The partners sponsoring the work include the Spokane Immigrant Rights Coalition (SIRC), the Hispanic Business and Professional Association, Latinos en Spokane, Mujeres in Action and Raiz.
So far, with more than $29,000 raised, the fund has been able to help 27 families with $500 to $1,100 grants, often to help with rent as one or more parent has lost work due to the COVID-19 pandemic and the ordered closure of many businesses.
Some of the families were working in restaurants or in the construction industry before Gov. Jay Inslee's stay home orders closed many businesses around the state, says Hanncel Sanchez, director of Mujeres in Action, an organization that helps domestic and sexual abuse survivors.
With families losing income in mid-March, some were unable to pay April rent, let alone rent for May, Sanchez says.
"We know it’s a domino effect and people will be stuck in this financial crisis for months," Sanchez says, "unless the government does something to help this community."
Despite the fact that many undocumented workers contribute to state and federal taxes, they're ineligible for federal assistance that's been sent to states to help as national unemployment levels have skyrocketed, the coalition notes.
"I think it's really important for people to know that immigrant families, whether they're documented or not, pay taxes in this state and pay federal taxes," says Jim Dawson, Spokane program director for Fuse Washington's Eastern Washington staff, and a co-founder of SIRC. "They're often left out of any aid and they're disproportionately impacted by the pandemic."
Washington state has created a disaster relief fund that undocumented immigrants are also eligible for, Sanchez says, but the process to apply may not be as accessible to many who don't have reliable internet at home, or those who have difficulty with the wording of the application.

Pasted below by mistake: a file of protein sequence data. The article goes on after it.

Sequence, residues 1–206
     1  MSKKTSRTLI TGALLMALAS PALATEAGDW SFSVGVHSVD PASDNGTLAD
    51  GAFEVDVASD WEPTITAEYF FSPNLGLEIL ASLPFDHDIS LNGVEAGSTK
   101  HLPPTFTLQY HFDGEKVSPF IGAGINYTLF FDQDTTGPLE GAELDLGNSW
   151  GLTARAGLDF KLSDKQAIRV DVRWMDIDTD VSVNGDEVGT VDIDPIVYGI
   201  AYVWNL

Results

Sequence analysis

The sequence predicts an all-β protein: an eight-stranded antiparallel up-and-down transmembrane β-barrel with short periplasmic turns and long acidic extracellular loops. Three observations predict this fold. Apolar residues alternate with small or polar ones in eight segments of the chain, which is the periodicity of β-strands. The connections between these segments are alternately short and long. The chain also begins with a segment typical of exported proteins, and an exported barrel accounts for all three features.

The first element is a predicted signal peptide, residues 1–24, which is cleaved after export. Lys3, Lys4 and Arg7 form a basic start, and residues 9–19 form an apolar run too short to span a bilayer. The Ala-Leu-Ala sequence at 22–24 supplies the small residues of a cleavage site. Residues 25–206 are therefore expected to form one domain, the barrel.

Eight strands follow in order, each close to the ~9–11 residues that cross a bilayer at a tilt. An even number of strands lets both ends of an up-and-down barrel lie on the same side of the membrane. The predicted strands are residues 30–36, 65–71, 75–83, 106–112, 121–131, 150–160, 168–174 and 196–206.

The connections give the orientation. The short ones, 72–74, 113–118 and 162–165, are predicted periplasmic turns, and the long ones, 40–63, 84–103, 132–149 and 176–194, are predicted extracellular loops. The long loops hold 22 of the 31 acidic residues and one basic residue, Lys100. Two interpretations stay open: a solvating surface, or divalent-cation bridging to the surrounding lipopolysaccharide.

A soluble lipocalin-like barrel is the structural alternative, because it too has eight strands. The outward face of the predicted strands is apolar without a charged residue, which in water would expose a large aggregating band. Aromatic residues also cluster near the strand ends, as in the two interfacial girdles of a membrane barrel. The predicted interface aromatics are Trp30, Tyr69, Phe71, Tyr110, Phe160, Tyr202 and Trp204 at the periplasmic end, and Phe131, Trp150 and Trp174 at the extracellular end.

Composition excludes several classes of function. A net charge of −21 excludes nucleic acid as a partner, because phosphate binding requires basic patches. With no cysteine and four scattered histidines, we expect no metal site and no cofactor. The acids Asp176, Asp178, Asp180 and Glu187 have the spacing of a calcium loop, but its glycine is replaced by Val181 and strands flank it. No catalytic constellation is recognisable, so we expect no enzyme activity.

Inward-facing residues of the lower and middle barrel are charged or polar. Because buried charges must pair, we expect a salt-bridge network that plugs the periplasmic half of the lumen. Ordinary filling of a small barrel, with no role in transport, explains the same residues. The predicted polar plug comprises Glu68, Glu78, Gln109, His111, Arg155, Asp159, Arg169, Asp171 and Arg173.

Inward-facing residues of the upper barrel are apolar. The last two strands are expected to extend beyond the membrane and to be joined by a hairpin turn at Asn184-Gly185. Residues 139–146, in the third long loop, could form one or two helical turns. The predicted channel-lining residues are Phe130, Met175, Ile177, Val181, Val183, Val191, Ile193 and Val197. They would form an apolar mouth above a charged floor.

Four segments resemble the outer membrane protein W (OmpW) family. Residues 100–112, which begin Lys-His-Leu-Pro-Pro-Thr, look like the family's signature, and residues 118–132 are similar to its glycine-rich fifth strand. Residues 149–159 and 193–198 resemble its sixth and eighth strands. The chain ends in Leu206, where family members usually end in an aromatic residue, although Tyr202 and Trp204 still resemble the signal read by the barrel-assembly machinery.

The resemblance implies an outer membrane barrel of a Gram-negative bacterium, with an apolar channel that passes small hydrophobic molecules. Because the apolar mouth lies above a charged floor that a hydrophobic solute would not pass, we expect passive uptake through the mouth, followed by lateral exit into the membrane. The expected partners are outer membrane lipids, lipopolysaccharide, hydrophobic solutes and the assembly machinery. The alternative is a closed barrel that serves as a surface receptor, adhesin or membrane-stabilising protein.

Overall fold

"We’re finding a lot of undocumented people are not applying, and even those that do, they’re not guaranteed to get this aid," Sanchez says.
One of the most direct ways that people can help the immigrant community in Spokane is through this local relief fund, Dawson says.
"Making donations to support these families is a really targeted and important way to help during the pandemic," Dawson says. "One-hundred percent of the donations go directly to the families."
Sanchez says the response to the fund has been great so far, both from community donors and the families who've been helped.
"People were incredibly grateful to get help to pay their rent. It was one more thing they didn’t have to worry about," she says. "The community has responded so generously. We've had people donating their [stimulus] checks from the government to these funds. It's been incredible."
Donations can be made at the GoFundMe page or checks can be made out to "UUCS" or "Unitarian Universalist Church of Spokane" by putting "legal defense fund" in the memo line. Checks may be mailed to 4340 W. Fort George Wright Dr., Spokane, WA, 99224.
"We’re proud of our community, proud of our supporters, and we hope we can continue to do this work to uplift the immigrant families affected by this pandemic in the next few months," Sanchez says.